Painting on the glue
I’ve been trying to get T1 excited about spelling, but he’d much rather be off playing video games or jumping on the trampoline.
We have actually done a lot of spelling on the trampoline; he says one letter of the word for every jump he does. And we have done lots using other activities, but when I found some tubs of coloured sand, I knew we needed to try making some sand art!
Sprinkling on sand
We used everyday white glue to paint each word onto a page of paper. T1 chose to do all of his words in red sand. After painting all of the letters in each word, he carefully sprinkled the sand onto the glue. Once there was enough sand to cover all of the glue, T1 tipped the excess sand off into the baking tray we were using underneath the paper (useful for reducing mess)
Shaking off excess sand
Each word or even letter could be done in different colours if desired. I think it would look good on black paper too. T1 is keen to make his next spelling list into sand art as well!
Sand art spelling words
I had been sourcing supplies to try layering coloured sand in bottles, when I saw this kit advertised in the Scholastic Book Club (Australia). It was a good opportunity for the kids to try this craft activity on a small scale. The kit came with small bags of coloured sand, plastic bottles and stoppers, a little funnel and a styling stick. The sand was purple, orange, blue, pink and yellow.
Some of the bags of sand.
Each of the kids picked a bottle and got started. Surprisingly we had very few spills of sand, and the kids were very careful pouring it into the funnel. They even took turns using the funnel to pour sand into their bottles. It was nice to see them sharing.
A’s first bottle was very tall and skinny, so it didn’t take much sand to make thick layers. L made her layers reasonably flat, while A liked her layers to be angled. They were unable to use the styling stick on these bottles, as the shape of them prevented the stick getting to the edge to push the sand down.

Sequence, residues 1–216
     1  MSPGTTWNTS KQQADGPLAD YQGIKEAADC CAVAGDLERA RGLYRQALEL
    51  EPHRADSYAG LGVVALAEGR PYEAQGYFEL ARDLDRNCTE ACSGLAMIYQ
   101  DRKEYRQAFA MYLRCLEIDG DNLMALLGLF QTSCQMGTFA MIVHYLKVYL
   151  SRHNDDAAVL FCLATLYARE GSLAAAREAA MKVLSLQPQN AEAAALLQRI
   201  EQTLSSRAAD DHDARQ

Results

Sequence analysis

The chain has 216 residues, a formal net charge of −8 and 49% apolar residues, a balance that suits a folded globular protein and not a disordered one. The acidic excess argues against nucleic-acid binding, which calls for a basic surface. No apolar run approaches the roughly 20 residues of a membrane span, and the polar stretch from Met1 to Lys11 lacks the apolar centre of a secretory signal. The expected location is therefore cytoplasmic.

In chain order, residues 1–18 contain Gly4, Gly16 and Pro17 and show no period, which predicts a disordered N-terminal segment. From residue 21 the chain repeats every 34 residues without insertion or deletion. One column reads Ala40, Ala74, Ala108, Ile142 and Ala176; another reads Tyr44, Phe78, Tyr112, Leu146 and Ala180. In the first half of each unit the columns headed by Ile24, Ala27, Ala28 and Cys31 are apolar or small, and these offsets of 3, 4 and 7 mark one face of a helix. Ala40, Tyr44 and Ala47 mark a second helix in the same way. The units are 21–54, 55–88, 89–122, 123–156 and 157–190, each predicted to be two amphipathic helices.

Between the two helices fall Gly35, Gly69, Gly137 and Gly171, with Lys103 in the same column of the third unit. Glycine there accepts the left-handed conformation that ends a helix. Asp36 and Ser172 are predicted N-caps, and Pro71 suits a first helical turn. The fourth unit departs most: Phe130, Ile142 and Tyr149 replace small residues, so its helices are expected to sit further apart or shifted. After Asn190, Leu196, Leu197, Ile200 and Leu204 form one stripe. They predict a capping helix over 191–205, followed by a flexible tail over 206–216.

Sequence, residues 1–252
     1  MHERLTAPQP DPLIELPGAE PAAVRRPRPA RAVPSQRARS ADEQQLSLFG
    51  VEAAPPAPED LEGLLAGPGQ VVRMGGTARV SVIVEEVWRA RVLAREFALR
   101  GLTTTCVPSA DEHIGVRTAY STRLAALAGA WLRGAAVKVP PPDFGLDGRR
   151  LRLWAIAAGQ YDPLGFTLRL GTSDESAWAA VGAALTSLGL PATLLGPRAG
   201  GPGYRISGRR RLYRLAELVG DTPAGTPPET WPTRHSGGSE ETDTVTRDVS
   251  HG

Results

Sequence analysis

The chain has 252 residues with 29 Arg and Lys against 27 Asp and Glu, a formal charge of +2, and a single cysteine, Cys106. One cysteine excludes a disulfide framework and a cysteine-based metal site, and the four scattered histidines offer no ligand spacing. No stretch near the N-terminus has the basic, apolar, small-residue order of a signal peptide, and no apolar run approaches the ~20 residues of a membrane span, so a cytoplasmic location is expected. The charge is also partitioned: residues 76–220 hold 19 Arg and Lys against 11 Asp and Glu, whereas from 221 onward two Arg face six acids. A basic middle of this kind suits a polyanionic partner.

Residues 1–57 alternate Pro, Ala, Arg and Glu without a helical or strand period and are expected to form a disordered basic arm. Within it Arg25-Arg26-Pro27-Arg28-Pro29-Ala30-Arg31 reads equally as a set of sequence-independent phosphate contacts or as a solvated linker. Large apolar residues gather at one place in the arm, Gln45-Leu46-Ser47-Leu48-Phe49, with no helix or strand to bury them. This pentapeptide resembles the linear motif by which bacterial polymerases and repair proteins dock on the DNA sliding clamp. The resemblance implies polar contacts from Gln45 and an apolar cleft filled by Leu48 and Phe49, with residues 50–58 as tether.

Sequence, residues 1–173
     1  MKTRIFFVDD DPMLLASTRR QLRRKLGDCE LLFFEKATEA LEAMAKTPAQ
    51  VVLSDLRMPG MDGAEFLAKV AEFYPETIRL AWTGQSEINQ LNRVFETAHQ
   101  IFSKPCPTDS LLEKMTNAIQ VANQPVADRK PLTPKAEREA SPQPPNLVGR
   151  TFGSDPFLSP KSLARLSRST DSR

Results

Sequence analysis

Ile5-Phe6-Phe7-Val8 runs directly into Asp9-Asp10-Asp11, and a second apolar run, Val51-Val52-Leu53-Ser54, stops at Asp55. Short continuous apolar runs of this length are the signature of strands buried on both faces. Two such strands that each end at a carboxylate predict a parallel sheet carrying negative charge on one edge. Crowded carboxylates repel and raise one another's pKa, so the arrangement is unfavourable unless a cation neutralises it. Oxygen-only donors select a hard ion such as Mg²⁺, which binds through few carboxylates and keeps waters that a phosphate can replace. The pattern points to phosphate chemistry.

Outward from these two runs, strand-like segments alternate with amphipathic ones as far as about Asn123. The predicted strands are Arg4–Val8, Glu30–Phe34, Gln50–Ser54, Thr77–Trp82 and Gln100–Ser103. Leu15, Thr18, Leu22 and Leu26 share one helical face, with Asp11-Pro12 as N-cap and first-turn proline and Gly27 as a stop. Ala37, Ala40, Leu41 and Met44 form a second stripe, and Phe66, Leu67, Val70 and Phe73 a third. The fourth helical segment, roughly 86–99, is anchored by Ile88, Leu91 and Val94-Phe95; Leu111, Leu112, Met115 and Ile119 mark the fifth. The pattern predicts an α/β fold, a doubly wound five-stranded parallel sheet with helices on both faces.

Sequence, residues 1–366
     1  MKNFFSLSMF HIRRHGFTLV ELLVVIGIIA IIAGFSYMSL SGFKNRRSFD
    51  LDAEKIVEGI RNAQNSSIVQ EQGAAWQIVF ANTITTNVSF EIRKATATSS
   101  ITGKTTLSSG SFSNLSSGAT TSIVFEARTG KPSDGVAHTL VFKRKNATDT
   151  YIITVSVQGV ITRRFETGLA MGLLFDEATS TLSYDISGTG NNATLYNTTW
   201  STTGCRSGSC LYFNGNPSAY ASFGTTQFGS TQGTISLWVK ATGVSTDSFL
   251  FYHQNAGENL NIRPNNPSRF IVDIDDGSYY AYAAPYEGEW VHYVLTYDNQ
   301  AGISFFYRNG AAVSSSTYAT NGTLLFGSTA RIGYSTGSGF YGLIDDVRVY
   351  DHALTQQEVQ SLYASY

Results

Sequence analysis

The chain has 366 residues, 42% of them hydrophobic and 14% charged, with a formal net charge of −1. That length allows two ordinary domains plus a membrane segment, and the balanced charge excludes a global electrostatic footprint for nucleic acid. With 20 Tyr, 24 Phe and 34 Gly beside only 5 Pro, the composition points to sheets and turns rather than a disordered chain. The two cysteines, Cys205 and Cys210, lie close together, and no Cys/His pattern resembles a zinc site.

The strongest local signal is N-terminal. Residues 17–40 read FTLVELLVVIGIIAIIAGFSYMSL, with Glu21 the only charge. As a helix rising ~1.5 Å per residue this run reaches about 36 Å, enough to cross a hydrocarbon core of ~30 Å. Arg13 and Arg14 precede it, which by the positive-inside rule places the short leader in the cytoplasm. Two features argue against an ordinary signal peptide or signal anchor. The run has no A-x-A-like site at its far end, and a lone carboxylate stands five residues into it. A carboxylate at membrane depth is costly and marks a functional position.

Using the styling stick.
A’s second bottle.
A filled another bottle and we were able to use the styling stick in this one as the sides were straight and flat. A would pour a few layers, and then scrape the stick down the inside to push some of the sand down through the layers, forming unique variations in the layers. This looked really good.
Once the bottles were filled, we placed a stopper in the top to prevent the sand escaping. The sand settled a little too. Then they were ready to be displayed.
This was a fun activity, and the kids really liked it. The only disappointing thing was that the plastic of the bottles wasn’t as clear as glass would have been. As we poured the sand into the bottle some coloured dust stuck to the inside of the bottles dulling the colours a bit. This was a fairly minor issue though, and it didn’t detract from the fun of filling the bottles with sand.
I would like to try this activity again using glass bottles and other colours of sand. The layers of sand in the bottles look fantastic displayed on our shelf.